For whosoever will save his life shall lose it: and whosoever will lose his life for my sake shall find it.
All Commentaries on Matthew 16:25 Go To Matthew 16
Then, because the saying seemed to be vehement, see how He softens it by what follows, and sets down rewards surpassing our toils; and not rewards only, but also the penalties of vice: nay, on these last He dwells more than on those, since not so much His bestowing blessings, as His threat of severities, is wont to bring ordinary men to their senses. See at least how He both begins here from this, and ends in this.
Now what He says is like this: not as unsparing towards you, but rather as exceedingly sparing you, I enjoin these things. For he who spares his child, ruins it; but he who spares it not, preserves. To which effect also a certain wise man said, If you beat your son with a rod, he shall not die, but you shall deliver his soul from death. Proverbs 23:13-14 And again, He that refreshes his son, shall bind up his wounds. Sirach 30:7
This takes place in the camp also. For if the general, sparing the soldiers, commands them to remain within the place always, he will destroy with them the inhabitants too.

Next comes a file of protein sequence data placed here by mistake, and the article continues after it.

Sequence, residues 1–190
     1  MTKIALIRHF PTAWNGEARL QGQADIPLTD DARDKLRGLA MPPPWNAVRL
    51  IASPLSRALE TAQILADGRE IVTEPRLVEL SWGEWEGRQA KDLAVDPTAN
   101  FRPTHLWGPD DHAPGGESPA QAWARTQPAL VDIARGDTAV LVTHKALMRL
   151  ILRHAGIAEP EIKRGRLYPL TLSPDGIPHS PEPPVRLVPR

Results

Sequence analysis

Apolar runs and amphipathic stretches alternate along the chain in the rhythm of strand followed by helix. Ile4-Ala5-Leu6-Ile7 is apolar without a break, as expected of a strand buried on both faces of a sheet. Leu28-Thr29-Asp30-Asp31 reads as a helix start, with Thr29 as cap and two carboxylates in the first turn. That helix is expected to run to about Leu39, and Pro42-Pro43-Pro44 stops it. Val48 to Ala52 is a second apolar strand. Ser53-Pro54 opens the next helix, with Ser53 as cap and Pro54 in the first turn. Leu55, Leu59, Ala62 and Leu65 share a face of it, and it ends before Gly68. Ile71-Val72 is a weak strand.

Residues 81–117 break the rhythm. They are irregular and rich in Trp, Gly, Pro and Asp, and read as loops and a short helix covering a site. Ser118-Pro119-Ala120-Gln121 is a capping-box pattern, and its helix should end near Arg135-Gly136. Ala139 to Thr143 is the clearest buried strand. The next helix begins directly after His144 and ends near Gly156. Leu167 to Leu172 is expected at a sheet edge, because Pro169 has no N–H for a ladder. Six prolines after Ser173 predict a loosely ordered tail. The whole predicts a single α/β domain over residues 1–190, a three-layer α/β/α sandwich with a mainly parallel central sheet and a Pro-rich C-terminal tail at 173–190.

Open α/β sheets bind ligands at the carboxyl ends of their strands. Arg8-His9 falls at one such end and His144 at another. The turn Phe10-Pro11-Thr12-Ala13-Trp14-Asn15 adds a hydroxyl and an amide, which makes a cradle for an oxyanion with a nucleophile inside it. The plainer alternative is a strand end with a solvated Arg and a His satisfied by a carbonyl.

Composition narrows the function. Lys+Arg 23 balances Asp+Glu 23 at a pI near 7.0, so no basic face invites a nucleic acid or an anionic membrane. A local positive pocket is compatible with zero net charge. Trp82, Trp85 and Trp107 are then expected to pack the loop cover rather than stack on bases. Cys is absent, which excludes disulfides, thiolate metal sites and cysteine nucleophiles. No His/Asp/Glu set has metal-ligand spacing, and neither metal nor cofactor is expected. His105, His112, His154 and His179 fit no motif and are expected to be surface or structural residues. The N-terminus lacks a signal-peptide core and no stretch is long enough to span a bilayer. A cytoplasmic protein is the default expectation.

In order then that this may not happen in your case also, says He, ye must be arrayed against continual death. For now too a grievous war is about to be kindled. Sit not therefore within, but go forth and fight; and should you fall in your post, then have you obtained life. For if in the visible wars he that in his post meets slaughter, is both more distinguished than the rest, and more invincible, and more formidable to the enemy; although we know that after death the king, in behalf of whom he takes his station, is not able to raise him up again: much more in these wars, when there are such hopes of resurrection besides, will he who exposes his own life unto death, find it; in one sense, because he will not be quickly taken; in a second, because even though he fall, God will lead his life on to a higher life.
Then, because he had said, He who will save shall lose it, but whosoever shall lose shall save it, and on that side had set salvation and destruction, and on this salvation and destruction; to prevent any one's imagining the one destruction and salvation to be all the same with the other, and to teach you plainly that the difference between this salvation and that is as great as between destruction and salvation; from the contraries also He makes an inference once for all to establish these points. For what is a man profited, says He, if he gain the whole world, and lose his own soul?
Do you see how the wrongful preservation of it is destruction, and worse than all destruction, as being even past remedy, from the want of anything more to redeem it? For tell me not this, says He, that he that has escaped such dangers has saved his life; but together with his life put also the whole world, yet what profit has he thereby, if the soul perish?
For tell me, should you see your servants in luxury, and yourself in extreme calamity, will you indeed profit anything by being master? By no means. Make this reckoning then with regard to your soul also, when the flesh is in luxury and wealth, and she awaiting the destruction to come.